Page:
State-sponsored cyber spies are stepping up the espionage game with increasingly intricate social engineering scams targeting company employees that could play out for months, even years, a security firm has discovered.
If her Facebook and LinkedIn profiles are to be believed, Mia Ash is a pretty 30 year old photographer from Staffordshire, England with a master’s degree from the University of London. She has been on social media for some time, with plenty of friends and regularly updates her profiles, including the odd selfie. She can be contacted using any of her available email address and she even has WhatsApp.
Nothing about Mia or her online profiles particularly stands out as odd, or suspicious.
Nevertheless, she isn’t real. She’s nothing more than an online persona that does not exist outside of her accounts. The digital successor to Andy Dufresne’s Randall Stevens. Her information is pure fabrication and her photos stolen from someone else. A figment of the imagination of someone you don’t know.
Not only that, but security firm SecureWorks have linked those who created Mia and her online persona to a hacking group called OilRig who they believe are working on behalf of the Iranian government in a widespread, long term espionage campaign aimed at befriending employees of high profile companies in order to infiltrate their respective company networks.
Earlier this year, SecureWorks had helped a Middle Eastern company attempt to discover the source of an attempted spyware infection. During their investigation, the security firm had discovered that one of the company employees had been friends with Ms. Mia Ash for over a month. That friendship had begun on LinkedIn over innocent photography related questions, but soon expanded over other social networks and topics.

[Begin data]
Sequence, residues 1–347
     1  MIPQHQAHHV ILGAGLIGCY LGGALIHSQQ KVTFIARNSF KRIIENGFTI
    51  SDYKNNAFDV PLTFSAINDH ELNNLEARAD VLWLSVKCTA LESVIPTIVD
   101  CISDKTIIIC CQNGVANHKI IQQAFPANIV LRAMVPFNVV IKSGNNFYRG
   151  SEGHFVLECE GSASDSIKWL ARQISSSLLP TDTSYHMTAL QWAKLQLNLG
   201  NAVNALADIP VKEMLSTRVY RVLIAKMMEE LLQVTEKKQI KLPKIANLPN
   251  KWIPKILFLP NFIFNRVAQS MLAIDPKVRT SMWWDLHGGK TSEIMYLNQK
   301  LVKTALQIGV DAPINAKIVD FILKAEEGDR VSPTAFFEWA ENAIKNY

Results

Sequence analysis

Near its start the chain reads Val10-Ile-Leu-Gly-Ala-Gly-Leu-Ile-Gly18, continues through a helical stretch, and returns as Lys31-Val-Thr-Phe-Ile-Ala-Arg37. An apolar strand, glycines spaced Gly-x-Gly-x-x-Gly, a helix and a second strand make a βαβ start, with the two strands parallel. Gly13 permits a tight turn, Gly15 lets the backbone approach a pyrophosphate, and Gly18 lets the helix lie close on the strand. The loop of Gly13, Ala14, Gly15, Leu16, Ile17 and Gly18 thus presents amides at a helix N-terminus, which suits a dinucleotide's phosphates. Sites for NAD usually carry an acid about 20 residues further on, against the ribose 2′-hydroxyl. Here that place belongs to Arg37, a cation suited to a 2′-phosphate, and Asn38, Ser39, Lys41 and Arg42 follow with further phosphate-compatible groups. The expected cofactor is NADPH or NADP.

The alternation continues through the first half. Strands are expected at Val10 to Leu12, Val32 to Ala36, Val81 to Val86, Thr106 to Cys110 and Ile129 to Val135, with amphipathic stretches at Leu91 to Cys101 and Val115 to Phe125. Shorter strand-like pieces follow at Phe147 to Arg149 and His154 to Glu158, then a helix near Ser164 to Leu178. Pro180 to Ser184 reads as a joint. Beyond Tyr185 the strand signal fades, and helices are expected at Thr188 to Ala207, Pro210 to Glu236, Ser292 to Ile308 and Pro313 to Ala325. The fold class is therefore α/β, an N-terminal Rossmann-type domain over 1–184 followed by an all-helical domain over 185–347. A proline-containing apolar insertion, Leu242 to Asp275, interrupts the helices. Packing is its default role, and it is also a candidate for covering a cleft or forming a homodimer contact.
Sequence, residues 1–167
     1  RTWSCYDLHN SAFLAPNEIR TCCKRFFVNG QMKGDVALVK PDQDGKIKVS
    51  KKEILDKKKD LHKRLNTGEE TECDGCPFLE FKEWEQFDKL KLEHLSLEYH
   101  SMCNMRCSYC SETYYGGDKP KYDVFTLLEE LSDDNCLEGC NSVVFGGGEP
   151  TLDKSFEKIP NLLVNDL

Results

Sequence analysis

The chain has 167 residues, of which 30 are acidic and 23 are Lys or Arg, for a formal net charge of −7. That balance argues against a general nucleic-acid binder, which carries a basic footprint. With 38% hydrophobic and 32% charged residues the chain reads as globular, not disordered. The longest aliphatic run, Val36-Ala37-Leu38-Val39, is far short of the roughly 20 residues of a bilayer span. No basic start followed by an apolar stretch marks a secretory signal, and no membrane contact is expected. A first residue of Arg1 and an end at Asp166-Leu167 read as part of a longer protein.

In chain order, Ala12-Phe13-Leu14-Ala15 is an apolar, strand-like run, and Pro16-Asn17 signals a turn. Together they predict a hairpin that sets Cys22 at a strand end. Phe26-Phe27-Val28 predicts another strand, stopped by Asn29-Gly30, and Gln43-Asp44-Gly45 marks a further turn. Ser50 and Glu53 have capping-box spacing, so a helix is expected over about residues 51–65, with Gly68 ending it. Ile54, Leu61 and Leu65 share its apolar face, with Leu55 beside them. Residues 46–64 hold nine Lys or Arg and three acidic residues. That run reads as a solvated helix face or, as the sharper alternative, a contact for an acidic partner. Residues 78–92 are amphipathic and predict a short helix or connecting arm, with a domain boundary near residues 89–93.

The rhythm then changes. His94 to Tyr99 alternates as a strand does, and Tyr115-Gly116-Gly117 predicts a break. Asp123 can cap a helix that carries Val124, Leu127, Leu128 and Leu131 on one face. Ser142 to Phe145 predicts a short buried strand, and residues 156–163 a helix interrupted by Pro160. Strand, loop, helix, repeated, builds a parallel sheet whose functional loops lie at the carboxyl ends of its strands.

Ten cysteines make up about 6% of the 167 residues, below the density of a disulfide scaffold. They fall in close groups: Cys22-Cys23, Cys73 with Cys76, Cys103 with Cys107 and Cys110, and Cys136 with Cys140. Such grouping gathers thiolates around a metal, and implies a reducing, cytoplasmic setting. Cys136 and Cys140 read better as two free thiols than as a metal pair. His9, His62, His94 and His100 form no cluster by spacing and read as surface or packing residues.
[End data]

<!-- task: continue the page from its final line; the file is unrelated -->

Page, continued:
The company employee was soon asked by Mia to open a photography related questionnaire sent over email to his work computer, in the form of a Microsoft Excel document. When opened, that document launched malicious script onto the employee’s computer which subsequently attempted to download and install malware onto the company network. Luckily the security software on the network prevented the infection from taking hold.
Analysis of the social networks belonging to Mia Ash turned up a number of different friends, mostly from the Middle East, as well as a number of employees of other companies including many from the United States. Mia Ash had been busy befriending people, it would seem.
The case highlights that hackers in the espionage game are more than capable of playing the so-called “long con”, exploiting what will always be the weak point in a company’s cyber defenses – the employees themselves – by developing friendships and building trust over time with the long term objective of infiltrating their networks. In this example it was malware, but hackers can also glean sensitive information from employee social media profiles as well as by simply asking seemingly innocuous questions.
The accounts belonging to Mia Ash have now been removed, but Mia is almost certainly only one of a high number of fake online personas, out there in the wild right now with the sole aim of befriending employees of specifically selected companies, with the intention of exploiting those friendships in the name of the espionage game.
That should be enough to keep any company director up at night.